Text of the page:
Christin has also cited the whodunit genre—notably novels by Georges Simenon and Ed McBain—as an influence on Valérian since they taught him, as a writer, that all characters in a narrative must be seen to have motivations.
Mézières’ drawings in the early albums were influenced by such “comic-dynamic” artists as Morris (Lucky Luke), André Franquin (Spirou et Fantasio) and Jack Davis (Mad magazine), leading Jean-Pierre Andrevon to refer to Valérian as “a kind of Lucky Luke of space-time”. As the series progressed, Mézières developed a more realistic style, akin to that of Jijé, though in more recent albums he has returned to the more cartoonish style of the earlier stories.
Award Winning comic book
Valérian and its creators have also received recognition through a number of prestigious awards. Most notably, in 1984, Jean-Claude Mézières was honored with the Grand Prix de la ville d’Angoulême for his comics work, including Valérian. Mézières and Christin also received a European Science Fiction Society award for Valérian in 1987 and the album Hostages of the Ultralum (Otages de l’Ultralum) won a Tournesal award, given to the comic that best reflects the ideals of the Green Party, at the 1997 Angoulême International Comics Festival. The encyclopedia of the alien creatures found in the Valérian universe Les Habitants du Ciel: Atlas Cosmique de Valérian et Laureline (The Inhabitants of the Sky: The Cosmic Atlas of Valerian and Laureline) received a special mention by the jury at the 1992 Angoulême International Comics Festival in the Prix Jeunesse 9–12 ans (Youth Prize 9–12 years) category.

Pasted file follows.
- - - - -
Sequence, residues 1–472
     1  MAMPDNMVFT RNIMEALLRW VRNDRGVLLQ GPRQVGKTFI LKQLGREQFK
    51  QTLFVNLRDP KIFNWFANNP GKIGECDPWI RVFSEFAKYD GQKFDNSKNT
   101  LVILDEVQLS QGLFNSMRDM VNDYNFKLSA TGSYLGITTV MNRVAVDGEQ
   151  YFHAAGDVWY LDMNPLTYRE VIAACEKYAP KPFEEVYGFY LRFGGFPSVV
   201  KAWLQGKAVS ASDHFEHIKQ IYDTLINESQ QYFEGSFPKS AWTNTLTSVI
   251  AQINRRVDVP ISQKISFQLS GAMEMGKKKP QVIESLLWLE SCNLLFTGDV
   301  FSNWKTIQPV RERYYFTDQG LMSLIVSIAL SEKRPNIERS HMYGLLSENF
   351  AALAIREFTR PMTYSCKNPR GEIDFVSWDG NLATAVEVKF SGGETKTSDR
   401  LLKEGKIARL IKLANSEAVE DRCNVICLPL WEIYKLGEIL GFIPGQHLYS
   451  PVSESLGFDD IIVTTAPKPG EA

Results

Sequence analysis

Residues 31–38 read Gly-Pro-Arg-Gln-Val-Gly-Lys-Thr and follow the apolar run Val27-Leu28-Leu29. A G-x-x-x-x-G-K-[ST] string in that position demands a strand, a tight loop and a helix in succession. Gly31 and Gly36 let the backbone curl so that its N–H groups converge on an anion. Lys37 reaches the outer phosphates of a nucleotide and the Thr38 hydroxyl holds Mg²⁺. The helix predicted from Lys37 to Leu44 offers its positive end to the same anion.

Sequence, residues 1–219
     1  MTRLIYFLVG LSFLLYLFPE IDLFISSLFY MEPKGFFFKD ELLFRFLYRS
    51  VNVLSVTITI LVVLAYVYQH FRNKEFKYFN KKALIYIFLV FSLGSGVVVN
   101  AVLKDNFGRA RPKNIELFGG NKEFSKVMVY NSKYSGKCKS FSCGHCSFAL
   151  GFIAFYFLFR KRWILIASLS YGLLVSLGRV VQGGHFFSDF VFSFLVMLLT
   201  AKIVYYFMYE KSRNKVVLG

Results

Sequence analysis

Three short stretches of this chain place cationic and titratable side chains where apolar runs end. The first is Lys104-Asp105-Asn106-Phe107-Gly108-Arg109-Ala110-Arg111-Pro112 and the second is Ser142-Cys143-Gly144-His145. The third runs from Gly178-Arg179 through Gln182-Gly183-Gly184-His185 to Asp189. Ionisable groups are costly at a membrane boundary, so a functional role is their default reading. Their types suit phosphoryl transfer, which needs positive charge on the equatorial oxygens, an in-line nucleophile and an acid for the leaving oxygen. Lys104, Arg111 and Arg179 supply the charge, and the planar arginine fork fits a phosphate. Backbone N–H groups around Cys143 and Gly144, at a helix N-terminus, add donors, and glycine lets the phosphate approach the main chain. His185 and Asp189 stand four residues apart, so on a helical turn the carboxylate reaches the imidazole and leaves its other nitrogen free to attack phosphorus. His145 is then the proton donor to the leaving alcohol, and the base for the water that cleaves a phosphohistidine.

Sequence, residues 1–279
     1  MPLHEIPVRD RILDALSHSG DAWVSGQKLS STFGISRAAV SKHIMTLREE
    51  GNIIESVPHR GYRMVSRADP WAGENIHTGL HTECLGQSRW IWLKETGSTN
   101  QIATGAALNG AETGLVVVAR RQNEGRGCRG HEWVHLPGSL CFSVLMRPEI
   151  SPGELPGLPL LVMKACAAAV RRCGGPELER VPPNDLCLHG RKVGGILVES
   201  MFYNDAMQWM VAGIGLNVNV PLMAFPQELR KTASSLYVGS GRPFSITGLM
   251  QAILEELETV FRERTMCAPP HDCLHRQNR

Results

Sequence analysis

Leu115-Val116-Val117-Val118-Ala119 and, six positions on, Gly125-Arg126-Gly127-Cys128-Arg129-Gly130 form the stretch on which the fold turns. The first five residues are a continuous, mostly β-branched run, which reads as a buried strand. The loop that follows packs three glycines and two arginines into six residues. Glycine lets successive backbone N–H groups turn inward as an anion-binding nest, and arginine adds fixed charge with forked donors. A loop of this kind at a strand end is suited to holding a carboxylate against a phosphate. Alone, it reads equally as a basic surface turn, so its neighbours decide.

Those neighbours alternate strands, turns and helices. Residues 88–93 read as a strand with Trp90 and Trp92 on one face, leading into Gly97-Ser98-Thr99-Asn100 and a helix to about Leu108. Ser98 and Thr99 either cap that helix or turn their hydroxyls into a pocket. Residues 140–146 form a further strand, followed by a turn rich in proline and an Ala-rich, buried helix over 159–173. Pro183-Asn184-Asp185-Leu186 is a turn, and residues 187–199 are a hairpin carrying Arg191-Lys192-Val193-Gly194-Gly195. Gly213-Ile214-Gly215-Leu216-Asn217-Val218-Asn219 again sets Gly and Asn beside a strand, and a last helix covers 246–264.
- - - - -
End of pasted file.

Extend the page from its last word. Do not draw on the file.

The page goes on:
Valérian has also been nominated for a Haxtur Award in 1995 for The Circles of Power and for a Harvey Award in 2005 for The New Future Trilogy, an English-language compilation of three of the albums.
Valérian’s arrival on the French comics scene was contemporaneous with the debuts of other notable French Science Fiction strips including Luc Orient by Greg and Eddy Paape and Lone Sloane by Philippe Druillet. The success of these strips would eventually lead to the creation of Métal Hurlant, the highly influential French comics magazine dedicated to Science Fiction.